The creative use of arrest records could document the concentration of enforcement activities in certain neighborhoods. Creative analyses of incarceration trends could document the impact of prison terms on the life course of men in communities of color.
Creative analyses of the reach of probation and parole agencies, and the ways that revocation policies have undermined community well-being, would shed light on the damaging impact of these practices. No other data resource holds as much potential to answer these questions as the criminal history repositories. Imagine that these state agencies assumed a responsibility to document the racial disparities of the operations of the justice system and create a scorecard to measure progress.
Redefining Success and Failure Beyond Recidivism
It is critical to move away from the use of recidivism as a measure of the success or failure of any program or any policy. Recidivism – whether defined as re-arrest, re-conviction or re-commitment to prison – is a poor measure of anything.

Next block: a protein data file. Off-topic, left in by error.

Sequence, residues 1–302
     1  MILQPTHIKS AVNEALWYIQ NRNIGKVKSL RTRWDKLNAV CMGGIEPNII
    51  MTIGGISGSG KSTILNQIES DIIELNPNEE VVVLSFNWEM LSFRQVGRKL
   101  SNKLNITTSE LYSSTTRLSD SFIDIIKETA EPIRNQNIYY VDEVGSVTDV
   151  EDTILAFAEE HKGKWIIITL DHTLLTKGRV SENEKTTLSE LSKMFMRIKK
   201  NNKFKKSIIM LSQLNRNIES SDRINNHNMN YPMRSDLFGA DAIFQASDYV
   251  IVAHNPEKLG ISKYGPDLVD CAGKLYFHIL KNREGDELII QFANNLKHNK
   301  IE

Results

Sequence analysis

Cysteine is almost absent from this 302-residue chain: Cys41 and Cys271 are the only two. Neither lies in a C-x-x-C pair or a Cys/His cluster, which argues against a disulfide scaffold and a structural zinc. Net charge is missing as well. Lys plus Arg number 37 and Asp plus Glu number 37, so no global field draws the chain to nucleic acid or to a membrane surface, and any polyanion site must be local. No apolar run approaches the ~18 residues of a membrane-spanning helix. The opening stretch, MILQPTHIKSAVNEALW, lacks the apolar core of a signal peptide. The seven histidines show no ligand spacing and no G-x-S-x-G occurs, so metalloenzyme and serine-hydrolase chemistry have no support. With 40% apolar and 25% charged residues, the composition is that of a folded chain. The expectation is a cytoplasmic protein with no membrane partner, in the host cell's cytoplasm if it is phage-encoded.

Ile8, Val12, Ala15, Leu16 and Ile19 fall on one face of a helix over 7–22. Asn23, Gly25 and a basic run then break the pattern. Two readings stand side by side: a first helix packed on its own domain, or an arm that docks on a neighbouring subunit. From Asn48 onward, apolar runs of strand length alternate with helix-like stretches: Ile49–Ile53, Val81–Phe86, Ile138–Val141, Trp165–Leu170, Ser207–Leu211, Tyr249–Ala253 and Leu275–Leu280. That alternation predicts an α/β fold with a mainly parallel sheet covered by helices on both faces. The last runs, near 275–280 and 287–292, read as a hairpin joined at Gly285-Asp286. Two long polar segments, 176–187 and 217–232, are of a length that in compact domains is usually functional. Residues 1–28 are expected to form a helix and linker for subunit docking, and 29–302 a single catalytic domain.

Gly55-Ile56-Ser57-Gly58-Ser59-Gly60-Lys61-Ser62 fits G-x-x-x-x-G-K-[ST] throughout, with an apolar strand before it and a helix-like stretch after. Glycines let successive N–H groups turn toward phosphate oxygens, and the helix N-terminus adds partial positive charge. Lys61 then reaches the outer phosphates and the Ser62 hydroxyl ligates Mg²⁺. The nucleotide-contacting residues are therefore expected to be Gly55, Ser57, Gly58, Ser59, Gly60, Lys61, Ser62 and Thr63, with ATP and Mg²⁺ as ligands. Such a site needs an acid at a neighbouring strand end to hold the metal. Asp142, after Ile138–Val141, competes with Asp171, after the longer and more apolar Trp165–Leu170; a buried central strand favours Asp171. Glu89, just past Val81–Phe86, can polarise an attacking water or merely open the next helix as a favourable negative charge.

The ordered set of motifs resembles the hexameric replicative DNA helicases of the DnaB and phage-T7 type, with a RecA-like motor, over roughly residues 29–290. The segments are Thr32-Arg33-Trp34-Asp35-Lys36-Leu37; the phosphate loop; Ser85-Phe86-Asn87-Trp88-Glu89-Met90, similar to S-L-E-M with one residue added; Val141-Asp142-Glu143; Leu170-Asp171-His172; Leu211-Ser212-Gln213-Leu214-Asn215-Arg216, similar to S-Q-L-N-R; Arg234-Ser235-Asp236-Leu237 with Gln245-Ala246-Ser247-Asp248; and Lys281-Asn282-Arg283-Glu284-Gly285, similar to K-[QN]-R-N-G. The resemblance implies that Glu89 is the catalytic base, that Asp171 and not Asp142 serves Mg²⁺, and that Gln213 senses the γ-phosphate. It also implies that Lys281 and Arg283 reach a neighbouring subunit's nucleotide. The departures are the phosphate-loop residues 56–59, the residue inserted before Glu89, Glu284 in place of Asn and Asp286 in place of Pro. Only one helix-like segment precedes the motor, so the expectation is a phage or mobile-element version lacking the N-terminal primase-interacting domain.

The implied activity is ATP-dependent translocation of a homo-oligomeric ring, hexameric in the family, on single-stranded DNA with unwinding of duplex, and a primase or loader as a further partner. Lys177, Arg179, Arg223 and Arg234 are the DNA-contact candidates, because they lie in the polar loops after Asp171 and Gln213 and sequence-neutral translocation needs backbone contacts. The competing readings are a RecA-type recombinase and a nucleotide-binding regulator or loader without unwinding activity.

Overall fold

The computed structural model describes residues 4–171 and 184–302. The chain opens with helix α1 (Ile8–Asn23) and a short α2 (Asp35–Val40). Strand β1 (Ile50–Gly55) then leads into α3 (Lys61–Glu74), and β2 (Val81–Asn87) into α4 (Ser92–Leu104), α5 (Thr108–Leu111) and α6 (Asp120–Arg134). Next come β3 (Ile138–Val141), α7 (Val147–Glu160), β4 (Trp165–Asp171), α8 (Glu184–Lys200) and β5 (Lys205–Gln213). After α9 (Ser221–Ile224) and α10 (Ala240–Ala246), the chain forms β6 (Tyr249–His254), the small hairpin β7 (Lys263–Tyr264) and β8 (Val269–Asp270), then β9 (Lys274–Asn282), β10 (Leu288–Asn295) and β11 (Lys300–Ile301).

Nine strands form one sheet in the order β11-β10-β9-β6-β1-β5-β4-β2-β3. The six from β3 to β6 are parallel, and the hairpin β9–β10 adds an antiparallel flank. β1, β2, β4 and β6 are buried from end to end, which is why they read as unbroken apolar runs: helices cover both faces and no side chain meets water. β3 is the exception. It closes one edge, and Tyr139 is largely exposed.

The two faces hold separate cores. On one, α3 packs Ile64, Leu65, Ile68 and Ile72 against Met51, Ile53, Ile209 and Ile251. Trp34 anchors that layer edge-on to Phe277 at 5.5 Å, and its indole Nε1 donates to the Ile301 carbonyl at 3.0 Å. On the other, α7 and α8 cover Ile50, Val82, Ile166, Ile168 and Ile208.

There are definitional problems: one failure is the same as multiple failures; one failure at the beginning of a three-year period is equated with a failure at the end; one failure for a serious crime is equated with a failure for a minor crime. But the larger problem with recidivism is that it does not measure success, nor does it measure anything known in the criminological literature to be associated with desistance.
Imagine, instead, that we had regular measures of employment, success in school, health outcomes, familial relationships or community participation? And imagine if we could link this data with administrative records on employment, health, housing, and social services. That would lead us to a broader view of the appropriate measures of success and failure for individuals involved in the justice system, and help reframe our definition of success for the justice-involved population.